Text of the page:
New Government plans for new civilian search and rescue service guarantees Chivenor will retain 24 hour.

AROUND the clock helicopter search and rescue cover at Chivenor looks to have been saved for the long term, following a surprise announcement on Monday.

The Government has said the North Devon service is one of 10 bases that will operate 24 hour cover provided by civilian crews from 2016.

It is expected to prompt a jubilant reaction from campaigners across the South West and Wales, who feared lives would be lost on land and at sea under the previous government’s plans to cut Chivenor’s operational hours in half.

Secretary of State for Transport Justine Greening told Parliament in a written statement the Coalition Government had started the procurement process for a new UK-wide search and rescue helicopter service, for a period of approximately 10 years.

She said this would enable the armed forces to focus activity on its frontline operations.

“The Royal Navy and the Royal Air Force crews have shown great dedication and professionalism in delivering an exemplary search and rescue service for many years, and we owe them all great thanks for this,” she added.

Bidders are being invited to submit options which would use a mixed fleet of modern helicopters, based on the capabilities required at each bases.

It is hoped to award the contract in 2013, in preparation for the civilian contactor to take over by 2016 when the Ministry of Defence withdraws its aging Sea King fleet of helicopters from service.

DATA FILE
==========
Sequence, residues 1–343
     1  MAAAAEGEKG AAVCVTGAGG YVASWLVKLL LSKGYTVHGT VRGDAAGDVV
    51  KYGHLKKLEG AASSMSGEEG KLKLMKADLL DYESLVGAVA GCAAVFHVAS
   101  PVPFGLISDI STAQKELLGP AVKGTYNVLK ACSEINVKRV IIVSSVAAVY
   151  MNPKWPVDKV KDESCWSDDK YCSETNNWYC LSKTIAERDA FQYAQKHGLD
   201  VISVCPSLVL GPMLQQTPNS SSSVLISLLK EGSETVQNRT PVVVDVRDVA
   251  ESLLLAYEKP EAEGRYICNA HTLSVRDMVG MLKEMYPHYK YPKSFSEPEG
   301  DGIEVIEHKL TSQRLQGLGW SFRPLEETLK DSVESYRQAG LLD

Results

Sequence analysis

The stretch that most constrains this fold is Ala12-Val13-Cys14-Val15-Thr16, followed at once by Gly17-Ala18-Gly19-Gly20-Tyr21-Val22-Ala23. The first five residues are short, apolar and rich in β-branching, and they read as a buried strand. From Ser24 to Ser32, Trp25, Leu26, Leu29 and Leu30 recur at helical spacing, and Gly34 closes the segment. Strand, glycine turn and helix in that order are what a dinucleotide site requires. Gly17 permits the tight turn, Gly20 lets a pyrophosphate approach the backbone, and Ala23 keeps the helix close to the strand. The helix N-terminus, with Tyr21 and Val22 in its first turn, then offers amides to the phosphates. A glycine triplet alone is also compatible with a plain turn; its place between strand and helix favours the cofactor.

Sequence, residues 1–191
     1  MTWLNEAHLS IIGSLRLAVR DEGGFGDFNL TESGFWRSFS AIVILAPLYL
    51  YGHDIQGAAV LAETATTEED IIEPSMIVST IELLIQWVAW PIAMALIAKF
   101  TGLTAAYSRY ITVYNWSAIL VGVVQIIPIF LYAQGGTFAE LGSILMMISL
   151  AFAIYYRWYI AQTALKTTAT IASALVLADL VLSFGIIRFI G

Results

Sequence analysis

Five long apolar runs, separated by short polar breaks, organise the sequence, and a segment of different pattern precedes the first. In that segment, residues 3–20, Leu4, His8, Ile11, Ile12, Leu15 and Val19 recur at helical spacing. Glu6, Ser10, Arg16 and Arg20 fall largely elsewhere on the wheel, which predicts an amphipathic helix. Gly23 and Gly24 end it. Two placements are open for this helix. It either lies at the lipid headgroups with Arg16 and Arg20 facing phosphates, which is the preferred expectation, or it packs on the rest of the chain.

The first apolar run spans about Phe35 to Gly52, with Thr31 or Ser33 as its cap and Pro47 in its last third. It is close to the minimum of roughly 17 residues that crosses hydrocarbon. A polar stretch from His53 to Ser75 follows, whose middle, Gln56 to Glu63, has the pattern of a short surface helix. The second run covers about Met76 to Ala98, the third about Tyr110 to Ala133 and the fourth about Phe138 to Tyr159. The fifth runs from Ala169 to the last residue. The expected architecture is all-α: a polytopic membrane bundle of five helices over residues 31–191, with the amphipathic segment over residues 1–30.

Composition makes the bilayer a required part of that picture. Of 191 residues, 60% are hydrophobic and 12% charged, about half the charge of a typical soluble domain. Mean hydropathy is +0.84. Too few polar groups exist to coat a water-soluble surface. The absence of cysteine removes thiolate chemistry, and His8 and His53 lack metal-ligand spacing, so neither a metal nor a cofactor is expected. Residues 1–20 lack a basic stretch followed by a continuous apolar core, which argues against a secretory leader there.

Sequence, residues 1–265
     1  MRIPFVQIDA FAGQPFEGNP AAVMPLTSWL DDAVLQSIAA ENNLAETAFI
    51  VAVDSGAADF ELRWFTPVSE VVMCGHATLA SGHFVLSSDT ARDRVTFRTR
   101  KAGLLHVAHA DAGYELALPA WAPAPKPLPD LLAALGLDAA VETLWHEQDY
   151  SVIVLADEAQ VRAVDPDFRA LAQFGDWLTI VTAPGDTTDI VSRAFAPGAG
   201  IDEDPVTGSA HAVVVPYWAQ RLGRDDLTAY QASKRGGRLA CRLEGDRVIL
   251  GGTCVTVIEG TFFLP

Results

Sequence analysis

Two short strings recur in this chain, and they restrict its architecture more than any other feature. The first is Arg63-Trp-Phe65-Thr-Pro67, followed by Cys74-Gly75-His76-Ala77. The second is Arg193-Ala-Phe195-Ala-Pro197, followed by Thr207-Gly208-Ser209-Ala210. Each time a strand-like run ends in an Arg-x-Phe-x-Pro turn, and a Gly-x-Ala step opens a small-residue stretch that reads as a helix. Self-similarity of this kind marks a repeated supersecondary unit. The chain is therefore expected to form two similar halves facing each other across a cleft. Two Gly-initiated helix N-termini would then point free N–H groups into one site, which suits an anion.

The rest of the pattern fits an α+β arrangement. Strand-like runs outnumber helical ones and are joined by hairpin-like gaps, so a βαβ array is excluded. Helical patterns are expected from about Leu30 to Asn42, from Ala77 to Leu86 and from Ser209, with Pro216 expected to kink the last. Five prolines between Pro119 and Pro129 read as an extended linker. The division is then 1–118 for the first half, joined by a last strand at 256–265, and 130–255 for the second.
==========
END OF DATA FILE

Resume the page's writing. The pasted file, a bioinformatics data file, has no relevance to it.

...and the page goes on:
In February this year the previous government’s plans and its preferred bidder the Soteria consortium were shelved after it emerged there were “possible issues” in the tender process.

There would be casualties under the new plans, with RAF Bulmer in Northumberland and MCA Portland in Dorset scheduled to close by 2015.

Last year North Devon MP and Armed Forces Minister Nick Harvey was joined by Bob Thompson — who led the Ilfracombe Town Council campaign — and daughter Judith to present an 18,000 signature petition at 10 Downing Street protesting against the plans for the service.

Mr Harvey told the Gazette on Monday he believed the new footprint of 10 stations would finally see the shape of search and rescue services “settled for the long term.”

“This lifesaving service is of enormous importance, which is all the more relevant given the recent rescue operation for survivors of the sunken cargo vessel in the Irish Sea.

“Chivenor handles more call-outs than either Culdrose or Anglesey. Local residents have always understood just how important Chivenor is and that’s why thousands fought such a long campaign to save it - and I am immensely proud I could help.

“I think that with a helicopter of greater speed and range, the lack of Portland will be mitigated and it should represent an enhanced level of cover because of those additional capabilities.”

In Ilfracombe, a delighted Bob Thompson said it was “absolutely brilliant news.”

“I think it justifies everything we have said. It completely justifies our campaign and I would like to thank Nick Harvey for his support,” he added.

“We are extremely grateful to all those throughout the West Country and in South Wales who have supported us and I believe North Devon has got the result it deserves.”